On April 27, 2010, I got to hold my first-ever official book launch at a little indie book shop in Tempe, Arizona, called Changing Hands. We had about 100 people show up, which is incredible. And sitting together in the second row on my right were Tully and Goldie. They have never missed a book launch since then.
When I was 15, I wrote a play, and asked Tully if I could direct it for our annual showcase of one acts. She said I could do it.
She did not say that she “gave me permission.” Listen closely to the difference: “I give you permission.” vs. “Yes, you can do it.” You. Can. Do this. Fifteen years old.
Teenagers want you to teach them. They want to be driven. They want to be pushed to excel.
Tully and Goldie expected and got excellence. They gave us authority and responsibility, and demanded not perfection, but our very best effort. And they got it. Every time. They were the thin chalk line. And so are you.
You have kids in your class and school who aren’t sleeping at home tonight. I met one kid who joined the Marines because the risks of being sent to Afghanistan were better than being at home for one more year. I watched a counselor explain to a teenage girl how her parents’ joint custody of her was going to affect her college plans.
I know you are overworked. Underpaid. That the entire system is broken from the ground up. That our libraries are disappearing, along with our librarians, and good teachers are punished while bad teachers are rewarded. I know. And it’s not fair.
But we need you to hang in there. Don’t give up. You got into this gig, I hope, because you love teaching and you love students. Don’t stop. Fight back. You are all that remains between a generation of hopeless children and a generation that can take us beyond the moon. Raise your voices, be heard. Because in a few years, it’ll be my kids in your classroom. (I’ll do my part. Parents? Will you join me?)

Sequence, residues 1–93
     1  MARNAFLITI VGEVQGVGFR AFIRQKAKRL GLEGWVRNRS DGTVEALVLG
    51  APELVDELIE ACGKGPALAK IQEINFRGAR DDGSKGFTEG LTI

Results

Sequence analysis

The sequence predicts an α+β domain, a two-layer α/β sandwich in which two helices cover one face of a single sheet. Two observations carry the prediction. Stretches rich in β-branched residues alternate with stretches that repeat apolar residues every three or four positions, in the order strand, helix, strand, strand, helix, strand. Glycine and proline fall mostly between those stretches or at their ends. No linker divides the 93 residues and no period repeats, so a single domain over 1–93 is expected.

There’s an old ’80s movie called Teachers, starring Nick Nolte and Judd Hirsch, and I hope some of you are old enough to even know who those actors are. The premise of the movie is that a former student is suing the school because he graduated without the ability to read. And I know there are schools in your city who are forcing you to give a kid who doesn’t turn in an assignment 50% instead of zero, and I know how absurd that is. I know middle schools are shoving poorly educated students right through the grade levels, and threatening teachers who don’t think a zero student should move up a grade. I know.
At the end of the film, a kid has pulled a false fire alarm, and the entire school empties out. In the movie, Judd Hirsch plays an administrator to Nick Nolte’s civics teacher. Hirsch has been beaten down by the system. In a tired voice, standing in the parking lot, he tells Nolte, “Half those kids aren’t even coming back after the fire alarm.”
And Nolte says, “But half will. I think they’re worth it. I’m a teacher.”
And so are you.
Thank you for all you do.